{{#evu:https://www.youtube.com/watch?v=8tn5zA5bNSE}}
 
{{#evu:https://www.youtube.com/watch?v=8tn5zA5bNSE}}
Line 40: Line 47:
  
 
Insert terminology here
 
Insert terminology here
 +
<gallery>
 +
File:TouchScreen.jpg|Touchscreen
 +
File:...resinCartridge.jpg|Resin Cartridge
 +
File:...form2BuildPlate.jpg|Build Platform
 +
File:...ResinTray.png|Resin Tank
 +
</gallery>
  
User Manual
+
[https://support.formlabs.com/s/article/Quick-Start-Guide?language=en_US Quick Start Guide]
 +
 
 +
[https://formlabs.com/3d-printers/form-2/ Product Home Page]
 +
 
 +
[https://formlabs.com/3d-printers/form-2/tech-specs/ Tech Specs]
 +
 
 +
[https://formlabs.com/3d-printers/form-2/design-specs/ Design Specs]
  
 
==Training==
 
==Training==
====Overview====
+
====Operation====
  
The Form 2 is most useful for its ability to print incredibly accurate parts, with layers as thin as .025mm thick, depending on the resin selected. Due to the size of the Form 2, it can only be used to print smaller pieces, and the extra layering for detail combined with the de-lamination process also causes the Form 2 to generally be the slowest printer in the lab. Unless an exception is made, a model with supports included should be no larger than 30mL worth of resin. If specific material properties are needed for a print, the Form 2 is a good option to look into thanks to the many differing resins available for use.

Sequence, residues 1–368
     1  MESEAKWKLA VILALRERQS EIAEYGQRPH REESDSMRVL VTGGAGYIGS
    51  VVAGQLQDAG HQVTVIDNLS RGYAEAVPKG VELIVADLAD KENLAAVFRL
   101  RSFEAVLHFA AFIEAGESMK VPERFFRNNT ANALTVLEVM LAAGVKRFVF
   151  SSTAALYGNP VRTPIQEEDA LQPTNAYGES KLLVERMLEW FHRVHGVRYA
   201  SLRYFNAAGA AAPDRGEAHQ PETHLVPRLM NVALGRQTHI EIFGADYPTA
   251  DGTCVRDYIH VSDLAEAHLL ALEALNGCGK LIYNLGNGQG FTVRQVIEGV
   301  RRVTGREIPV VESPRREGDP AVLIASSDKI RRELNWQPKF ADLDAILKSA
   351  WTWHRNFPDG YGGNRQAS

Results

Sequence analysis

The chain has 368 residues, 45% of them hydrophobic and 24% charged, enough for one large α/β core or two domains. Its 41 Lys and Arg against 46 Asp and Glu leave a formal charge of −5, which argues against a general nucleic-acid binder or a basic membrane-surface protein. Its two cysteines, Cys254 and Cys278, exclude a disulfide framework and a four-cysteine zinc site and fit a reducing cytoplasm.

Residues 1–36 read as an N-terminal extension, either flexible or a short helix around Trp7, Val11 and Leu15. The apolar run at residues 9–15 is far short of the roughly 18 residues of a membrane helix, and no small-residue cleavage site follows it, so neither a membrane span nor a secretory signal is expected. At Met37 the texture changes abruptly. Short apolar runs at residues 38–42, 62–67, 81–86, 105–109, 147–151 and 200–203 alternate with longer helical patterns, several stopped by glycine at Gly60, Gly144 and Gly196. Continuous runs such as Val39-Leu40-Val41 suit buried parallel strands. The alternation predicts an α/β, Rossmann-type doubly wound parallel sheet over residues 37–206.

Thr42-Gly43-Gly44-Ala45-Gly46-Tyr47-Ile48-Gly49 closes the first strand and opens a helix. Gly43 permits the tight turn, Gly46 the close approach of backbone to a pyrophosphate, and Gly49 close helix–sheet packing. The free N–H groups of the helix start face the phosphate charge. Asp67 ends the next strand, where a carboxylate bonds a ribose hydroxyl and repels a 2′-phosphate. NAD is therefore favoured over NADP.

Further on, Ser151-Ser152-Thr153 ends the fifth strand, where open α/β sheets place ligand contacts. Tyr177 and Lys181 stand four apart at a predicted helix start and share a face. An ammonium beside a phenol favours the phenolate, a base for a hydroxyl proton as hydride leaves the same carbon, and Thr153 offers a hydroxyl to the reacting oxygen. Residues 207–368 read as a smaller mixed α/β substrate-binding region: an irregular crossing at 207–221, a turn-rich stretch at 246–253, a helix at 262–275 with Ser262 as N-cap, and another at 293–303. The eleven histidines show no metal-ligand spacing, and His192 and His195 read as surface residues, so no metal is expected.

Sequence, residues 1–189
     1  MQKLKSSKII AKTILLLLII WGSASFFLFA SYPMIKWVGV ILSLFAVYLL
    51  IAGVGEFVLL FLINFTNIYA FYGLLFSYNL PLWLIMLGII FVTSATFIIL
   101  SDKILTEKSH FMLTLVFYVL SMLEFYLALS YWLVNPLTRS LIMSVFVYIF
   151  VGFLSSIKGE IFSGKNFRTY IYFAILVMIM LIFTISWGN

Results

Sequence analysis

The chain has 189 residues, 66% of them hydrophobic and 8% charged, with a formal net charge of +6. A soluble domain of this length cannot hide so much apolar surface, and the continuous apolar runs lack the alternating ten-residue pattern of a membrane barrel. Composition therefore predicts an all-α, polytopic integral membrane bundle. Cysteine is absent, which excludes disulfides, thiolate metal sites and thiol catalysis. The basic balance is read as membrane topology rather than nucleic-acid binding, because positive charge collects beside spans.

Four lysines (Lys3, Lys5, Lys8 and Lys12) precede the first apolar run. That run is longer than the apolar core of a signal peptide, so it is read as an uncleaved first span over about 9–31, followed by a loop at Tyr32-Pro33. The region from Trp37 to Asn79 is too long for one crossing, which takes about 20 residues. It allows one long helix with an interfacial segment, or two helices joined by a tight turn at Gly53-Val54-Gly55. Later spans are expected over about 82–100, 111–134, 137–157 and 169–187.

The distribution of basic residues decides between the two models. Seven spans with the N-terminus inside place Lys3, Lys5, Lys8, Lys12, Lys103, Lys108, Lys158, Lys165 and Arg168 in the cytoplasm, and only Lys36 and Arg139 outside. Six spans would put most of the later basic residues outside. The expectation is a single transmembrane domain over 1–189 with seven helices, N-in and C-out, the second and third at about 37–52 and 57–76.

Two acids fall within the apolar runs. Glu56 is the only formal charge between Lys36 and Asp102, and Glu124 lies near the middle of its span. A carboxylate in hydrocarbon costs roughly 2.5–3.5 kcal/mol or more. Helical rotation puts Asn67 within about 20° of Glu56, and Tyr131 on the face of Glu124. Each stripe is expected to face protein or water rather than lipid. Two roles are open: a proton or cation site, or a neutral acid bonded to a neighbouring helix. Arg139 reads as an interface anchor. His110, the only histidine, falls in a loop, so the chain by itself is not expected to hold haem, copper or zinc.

+